It betrays ignorance. The judges know that we live in an ecologically imperiled time when metropolitan India has much to answer for its corporate-consumer excesses. And yet, it is among the weakest and the wisest that they choose to attack. The world’s largest refinery is coming up in the Konkan, uprooting 17 villages, over half a million cashew trees and over a million mango trees. Thousands of acres of Himalayan forests and over a hundred villages will be submerged by one of the world’s tallest dams coming up in Pancheshwar in Uttarakhand. Are the conservationist petitioners and courts doing anything to stop any of this? They show little courage when it comes to tackling the land mafias, builder-developers, realtors, constructors, and miners, but their conscience is ablaze over conserving Adivasis in the jungles.
A dying civilization
This is the arrogance of ignorant India and it shall not abdicate till it has laid to rest the last hopes of what was ‘a wounded civilization’, and is now a dying one. For, let us be clear about one thing: freeing the forests of their traditional inhabitants is almost certain to expose their erstwhile habitats in short order to the speedy, organized depredations of the forces of what has come to be seen by the elites as ‘development’.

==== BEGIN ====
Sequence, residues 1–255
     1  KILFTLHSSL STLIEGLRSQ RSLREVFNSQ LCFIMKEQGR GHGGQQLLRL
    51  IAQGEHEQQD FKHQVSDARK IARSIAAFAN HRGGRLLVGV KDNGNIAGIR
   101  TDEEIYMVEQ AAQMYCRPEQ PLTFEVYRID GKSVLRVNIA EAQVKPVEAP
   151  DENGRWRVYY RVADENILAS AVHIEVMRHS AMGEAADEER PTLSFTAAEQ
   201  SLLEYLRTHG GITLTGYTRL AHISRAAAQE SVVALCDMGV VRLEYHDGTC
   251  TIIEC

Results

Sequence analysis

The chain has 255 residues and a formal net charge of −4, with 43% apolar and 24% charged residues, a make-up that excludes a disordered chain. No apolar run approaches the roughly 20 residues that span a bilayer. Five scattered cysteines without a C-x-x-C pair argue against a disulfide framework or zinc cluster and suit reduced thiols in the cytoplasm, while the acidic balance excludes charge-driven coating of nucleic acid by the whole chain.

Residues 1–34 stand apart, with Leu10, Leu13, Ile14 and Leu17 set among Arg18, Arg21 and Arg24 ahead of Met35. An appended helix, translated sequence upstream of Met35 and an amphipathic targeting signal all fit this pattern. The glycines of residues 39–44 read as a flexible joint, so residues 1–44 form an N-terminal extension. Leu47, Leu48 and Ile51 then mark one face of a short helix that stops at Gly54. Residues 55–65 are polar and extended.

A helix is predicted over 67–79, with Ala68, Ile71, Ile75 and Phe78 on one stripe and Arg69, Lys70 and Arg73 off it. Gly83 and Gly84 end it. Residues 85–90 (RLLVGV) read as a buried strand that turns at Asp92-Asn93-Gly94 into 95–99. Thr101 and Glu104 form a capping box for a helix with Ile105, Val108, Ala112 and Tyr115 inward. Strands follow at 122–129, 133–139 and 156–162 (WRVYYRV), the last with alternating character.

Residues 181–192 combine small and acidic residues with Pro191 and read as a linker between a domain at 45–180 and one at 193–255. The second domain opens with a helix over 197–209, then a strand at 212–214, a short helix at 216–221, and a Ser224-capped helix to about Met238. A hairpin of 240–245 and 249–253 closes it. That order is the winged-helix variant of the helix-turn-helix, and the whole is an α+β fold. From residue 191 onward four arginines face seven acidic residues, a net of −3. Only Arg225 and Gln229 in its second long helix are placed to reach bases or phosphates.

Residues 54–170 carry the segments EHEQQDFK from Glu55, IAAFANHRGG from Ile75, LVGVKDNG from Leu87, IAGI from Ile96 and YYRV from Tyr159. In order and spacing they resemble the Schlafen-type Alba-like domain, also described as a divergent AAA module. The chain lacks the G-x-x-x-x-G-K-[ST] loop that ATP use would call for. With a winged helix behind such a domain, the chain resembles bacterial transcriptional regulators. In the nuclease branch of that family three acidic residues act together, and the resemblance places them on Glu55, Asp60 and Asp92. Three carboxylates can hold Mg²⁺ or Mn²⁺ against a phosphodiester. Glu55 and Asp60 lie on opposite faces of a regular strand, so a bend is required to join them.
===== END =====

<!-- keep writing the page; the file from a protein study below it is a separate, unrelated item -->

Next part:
If remote habitats are emptied of Adivasis, there may be nobody to forewarn us when ecologically perilous tipping points are crossed in the future. To make matters worse, worrying amendments that have been proposed to the Indian Forest Act, 1927, which further strengthen the stranglehold of forest officials over India’s jungles and its inhabitants, have now been made public.
Perhaps someday, when their decisions affect them, the folly of their pronouncements will dawn upon those who preside on the fates of millions today. But it shall be too late then. Before July, the safe-keepers of justice might wish to ponder Gandhi’s words: “A time is coming when those, who are in the mad rush today of multiplying their wants, vainly thinking that they add to the real substance, real knowledge of the world, will retrace their steps and say: ‘What have we done?